Using PostgreSQL for JSON Storage

Steve Pousty

4 min read

Let's imagine a scenario in which you are dealing with JSON in your application and you want to store it in your database. You let out a heavy sigh and think, "I guess I am going to have to add something besides my favorite DB (Postgres) to my architecture. I wish I could just keep using PostgreSQL."

You start thinking that instead of one problem, now you have many. You're probably going to have to learn a new data query syntax, data creation statement, install new software, and worst of all for you as an app developer, running some new server in production. Now rather than developing your features, you are going to be spending valuable time learning, experimenting, and praying.

Well my friend, today is the day your wishes come true. In the blog post we will talk a little about how you can use PostgreSQL for all your JSON needs. We will also point you at some free learning resources so you can dig in deeper.


Since 9.2, released in September 2012, PostgreSQL has had a JSON type. This original JSON type was not much more than just a simple storage field that let you dump JSON into your database table. It is just a simple text field that checks to make sure your JSON is well formed. Other than that it doesn't do much and I would not recommend using it.

With PostgreSQL release 9.4 in December 2014, a JSONB type was added. Though I joke that the B stands for better it really stands for Binary. When you put JSON data into a JSONB column, in addition to checking for well formed JSON, you now have the ability to indexing and query and retrieve portions of the document. Generally for all your work you should use JSONB unless you have a compelling reason not to. Here are a couple of nice discussions on the tradeoffs and choosing JSON versus JSONB

What can you do with JSONB in PostgreSQL

Say you had some JSON like:

	"person": {
		"first_name": "Steve",
		"last_name": "Pousty"
	"score": 100,
	"status": "Awesome",
	"best_feature": "humbleness"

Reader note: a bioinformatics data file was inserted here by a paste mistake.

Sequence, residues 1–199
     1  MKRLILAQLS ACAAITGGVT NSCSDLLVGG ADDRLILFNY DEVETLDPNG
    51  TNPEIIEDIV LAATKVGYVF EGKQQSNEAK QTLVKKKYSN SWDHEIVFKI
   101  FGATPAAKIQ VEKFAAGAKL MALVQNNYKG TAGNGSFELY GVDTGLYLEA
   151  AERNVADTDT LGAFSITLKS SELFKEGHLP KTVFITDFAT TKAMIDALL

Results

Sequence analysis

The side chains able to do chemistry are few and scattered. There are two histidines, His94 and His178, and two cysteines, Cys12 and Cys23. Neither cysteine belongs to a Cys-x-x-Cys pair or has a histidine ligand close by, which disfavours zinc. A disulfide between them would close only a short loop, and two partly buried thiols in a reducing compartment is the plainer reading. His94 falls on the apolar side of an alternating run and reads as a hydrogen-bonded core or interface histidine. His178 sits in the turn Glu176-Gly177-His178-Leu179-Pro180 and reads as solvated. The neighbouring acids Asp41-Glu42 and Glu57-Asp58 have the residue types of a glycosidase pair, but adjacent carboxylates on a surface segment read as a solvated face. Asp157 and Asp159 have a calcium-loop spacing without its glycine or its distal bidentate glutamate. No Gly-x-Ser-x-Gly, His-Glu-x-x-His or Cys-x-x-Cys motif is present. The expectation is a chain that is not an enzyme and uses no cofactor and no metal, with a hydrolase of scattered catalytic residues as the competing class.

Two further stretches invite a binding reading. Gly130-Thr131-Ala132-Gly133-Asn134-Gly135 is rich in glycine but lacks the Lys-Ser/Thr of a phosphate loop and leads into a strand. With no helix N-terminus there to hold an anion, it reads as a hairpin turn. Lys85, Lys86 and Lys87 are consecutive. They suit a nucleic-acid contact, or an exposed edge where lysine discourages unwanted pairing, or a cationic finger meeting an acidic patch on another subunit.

Once you put it in a JSOB column named json_content (and make a GIN Index for faster queries) you can do all sorts of fun things. Please note that I will be using the JSONB navigation and function syntax found in PostgreSQL version 11. There was a major improvement to JSON document navigation and querying in version 12 which will be the focus of another blog post.

In the select part of the query

Let's get the users last name.

SELECT json_content #> {person, last_name}
FROM mytable;

The #> or #>> is the JSON path navigator with the difference being #> returns JSON and the #>> returns the JSON text value.

In the Where clause

Using that same document navigation syntax, we can then combine that with the containment check. Just like the name sounds, we will check to see if the stored JSON contains the JSON we are looking for. For example, if we wanted to return only those records that had a status of awesome we would write:

SELECT json_content
FROM mytable
WHERE json_content @> '{"status": "Awesome"}'::jsonb;



operator looks for JSON that contains the JSON on the right side of the operator.

The Beauty of All This

The best part of working with JSON in PostgreSQL is that you get to leverage all the normal SQL you already love along with these JSON functions. SQL processing can be used to greatly reduce the amount of code you need in your application. For example, here is the query to get all the distinct status types in the table:

SELECT distinct(json_content #>> {status}) as status, count(json_content) FROM mytable
GROUP BY json_content #>> {status};

Learn more

So if you are intrigued by what you saw here and want to learn more here are some great resources (if I do say so myself).

We have an online tutorial to get your started with JSON in PostgreSQL. It is free and available 24/7 and I also dida live stream walking through the material above.

Let us know @crunchydata what you think of the material! I would also love to hear about how YOU are using JSON with PostgreSQL.

Thanks and happy coding.

Avatar for Steve Pousty

Written by

Steve Pousty

April 29, 2020 More by this author